It’s 6:00 in the afternoon and a motherly voice announces that breakfast is ready. A flustered naked woman begins to get dressed inside her bedroom. She looks vaguely guilty, as if recovering from a love marathon that began the previous night. Yet there’s no other human being in the bedroom. Instead, she is standing next to a miniature amusement park.
Her name is Jeanne (Neomie Merlant, from Celine Sciamma’s 2019 Portrait of a Lady on Fire), a 20-something-year-old female living with her mother in a small town somewhere in France. She works as a cleaner at local amusement park. She created miniature sculptures of each one of the rides. She plays and talks to her bizarre toys. She has a favourite ride: a fast-spinning scrambler called Move It (pictured below). She affectionately names “him” Jumbo. She is convinced that “inanimate objects have a soul that stick to your soul and force you to love them”. She has a very sensory description of her lover: “he’s cold, he’s warm, he’s hard, he’s smooth”. Merlant delivers a quietly intense performance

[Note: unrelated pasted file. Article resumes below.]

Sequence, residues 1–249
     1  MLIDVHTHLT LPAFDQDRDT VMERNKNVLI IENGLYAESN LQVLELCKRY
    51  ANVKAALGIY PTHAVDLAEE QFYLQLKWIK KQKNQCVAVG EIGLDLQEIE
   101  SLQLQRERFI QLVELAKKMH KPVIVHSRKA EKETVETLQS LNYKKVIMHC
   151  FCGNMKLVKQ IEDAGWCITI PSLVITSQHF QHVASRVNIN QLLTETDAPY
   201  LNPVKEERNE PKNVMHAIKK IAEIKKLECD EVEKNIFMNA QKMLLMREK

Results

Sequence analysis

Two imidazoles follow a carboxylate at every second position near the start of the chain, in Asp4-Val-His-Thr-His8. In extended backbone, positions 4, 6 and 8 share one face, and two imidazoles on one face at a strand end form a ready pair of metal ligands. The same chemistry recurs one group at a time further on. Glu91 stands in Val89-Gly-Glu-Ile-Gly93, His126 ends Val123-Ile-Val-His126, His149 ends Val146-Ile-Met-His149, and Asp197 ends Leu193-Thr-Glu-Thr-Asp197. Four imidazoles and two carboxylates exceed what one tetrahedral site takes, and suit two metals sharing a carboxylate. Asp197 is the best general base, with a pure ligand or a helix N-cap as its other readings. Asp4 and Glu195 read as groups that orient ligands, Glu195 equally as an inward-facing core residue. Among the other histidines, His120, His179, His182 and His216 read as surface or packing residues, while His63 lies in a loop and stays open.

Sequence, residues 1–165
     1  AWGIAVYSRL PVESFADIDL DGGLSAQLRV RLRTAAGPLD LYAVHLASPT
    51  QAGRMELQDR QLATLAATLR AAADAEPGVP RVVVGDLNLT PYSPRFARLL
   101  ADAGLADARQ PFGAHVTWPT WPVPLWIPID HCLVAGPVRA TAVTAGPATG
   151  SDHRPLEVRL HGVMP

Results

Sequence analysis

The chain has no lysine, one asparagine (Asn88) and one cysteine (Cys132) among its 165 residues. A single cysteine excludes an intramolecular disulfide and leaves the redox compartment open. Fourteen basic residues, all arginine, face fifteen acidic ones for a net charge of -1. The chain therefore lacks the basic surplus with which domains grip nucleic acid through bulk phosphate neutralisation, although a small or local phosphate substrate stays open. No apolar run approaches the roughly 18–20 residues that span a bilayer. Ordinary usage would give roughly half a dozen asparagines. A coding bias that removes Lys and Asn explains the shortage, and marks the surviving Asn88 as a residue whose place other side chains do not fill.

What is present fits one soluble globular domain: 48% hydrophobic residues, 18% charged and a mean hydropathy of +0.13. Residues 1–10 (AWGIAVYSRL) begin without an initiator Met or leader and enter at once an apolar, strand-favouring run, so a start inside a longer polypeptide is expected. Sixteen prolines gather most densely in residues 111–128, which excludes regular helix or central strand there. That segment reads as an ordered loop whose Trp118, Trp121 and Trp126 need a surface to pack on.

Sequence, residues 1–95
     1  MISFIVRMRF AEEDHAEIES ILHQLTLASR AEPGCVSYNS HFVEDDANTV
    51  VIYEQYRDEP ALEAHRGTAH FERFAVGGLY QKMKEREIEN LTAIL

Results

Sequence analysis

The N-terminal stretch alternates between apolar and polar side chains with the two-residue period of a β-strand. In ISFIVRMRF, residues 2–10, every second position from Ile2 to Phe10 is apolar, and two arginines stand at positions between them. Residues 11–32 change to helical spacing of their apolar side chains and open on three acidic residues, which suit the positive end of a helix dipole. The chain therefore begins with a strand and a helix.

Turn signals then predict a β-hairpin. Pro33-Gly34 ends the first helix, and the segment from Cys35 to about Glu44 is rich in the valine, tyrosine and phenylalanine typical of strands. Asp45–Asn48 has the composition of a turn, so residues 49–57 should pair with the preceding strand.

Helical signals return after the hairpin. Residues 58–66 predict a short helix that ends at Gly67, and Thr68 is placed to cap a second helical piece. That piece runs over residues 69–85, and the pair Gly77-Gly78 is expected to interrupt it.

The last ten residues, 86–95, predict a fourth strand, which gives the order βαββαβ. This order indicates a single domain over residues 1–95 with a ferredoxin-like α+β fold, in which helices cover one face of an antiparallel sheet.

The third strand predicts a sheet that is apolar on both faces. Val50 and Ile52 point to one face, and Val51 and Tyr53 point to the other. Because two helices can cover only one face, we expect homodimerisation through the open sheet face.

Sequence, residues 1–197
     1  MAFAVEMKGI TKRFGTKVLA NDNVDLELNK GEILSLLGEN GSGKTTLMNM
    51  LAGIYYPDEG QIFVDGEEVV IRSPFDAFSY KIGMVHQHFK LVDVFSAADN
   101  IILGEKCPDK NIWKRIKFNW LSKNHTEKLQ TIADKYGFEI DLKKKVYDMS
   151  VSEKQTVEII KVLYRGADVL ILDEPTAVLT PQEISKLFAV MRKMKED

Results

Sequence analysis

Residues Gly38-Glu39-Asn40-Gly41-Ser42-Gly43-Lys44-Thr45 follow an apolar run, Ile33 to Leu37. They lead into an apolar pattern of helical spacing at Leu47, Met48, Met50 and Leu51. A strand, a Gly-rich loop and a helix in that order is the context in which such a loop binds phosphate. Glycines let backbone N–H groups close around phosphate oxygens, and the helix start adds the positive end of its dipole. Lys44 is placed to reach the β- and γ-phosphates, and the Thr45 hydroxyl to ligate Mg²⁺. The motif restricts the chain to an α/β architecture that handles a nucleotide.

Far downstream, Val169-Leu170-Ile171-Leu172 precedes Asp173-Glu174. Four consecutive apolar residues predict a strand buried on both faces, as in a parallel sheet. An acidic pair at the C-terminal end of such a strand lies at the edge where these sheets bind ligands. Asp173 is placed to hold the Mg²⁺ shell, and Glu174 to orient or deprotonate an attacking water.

Jeanne’s infatuation with Jumbo quickly morphs into full-blown romance, complete with sexual interaction. She caresses, embraces and talks to the enormous machine. Jumbo responds with an explosion of lights and electronic noises vaguely reminiscent of mumbling and groaning. It eventually gets sweaty and visceral. In the film’s climax, Jeanne gets naked and covered in black fluid, presumably Jumbo’s fuel. These bizarre interactions suggest an absurdist movie, yet the director Zoe Wittock treats her subject with kindness and respect. The outcome is a palpable and even credible romance.
Not everyone is as accepting as the filmmaker. Jeanne’s mother does not consent to her daughter’s unusual relationship, and the local kids constantly taunt and humiliate her. Jeanne remains defiant. Despite the barriers, she is willing to take the relationship to the next level. She eventually finds tolerance in the most unlikely of places, and someone who could help her to convert her mother. The final resolution is both awkward and cathartic. You will leave the cinema with a smile on your face, prepared to reassess the relationship with your favourite objects.
The film is based on a real story, we’re told. And objectophilia (the sexual or romantic attraction to inanimate objects) does exist. For three real stories, watch the documentary Married to the Eiffel Tower (2008), directed by our writer Agnieszka Piotrowska.
Jumbo is in cinemas on Friday, July 9th.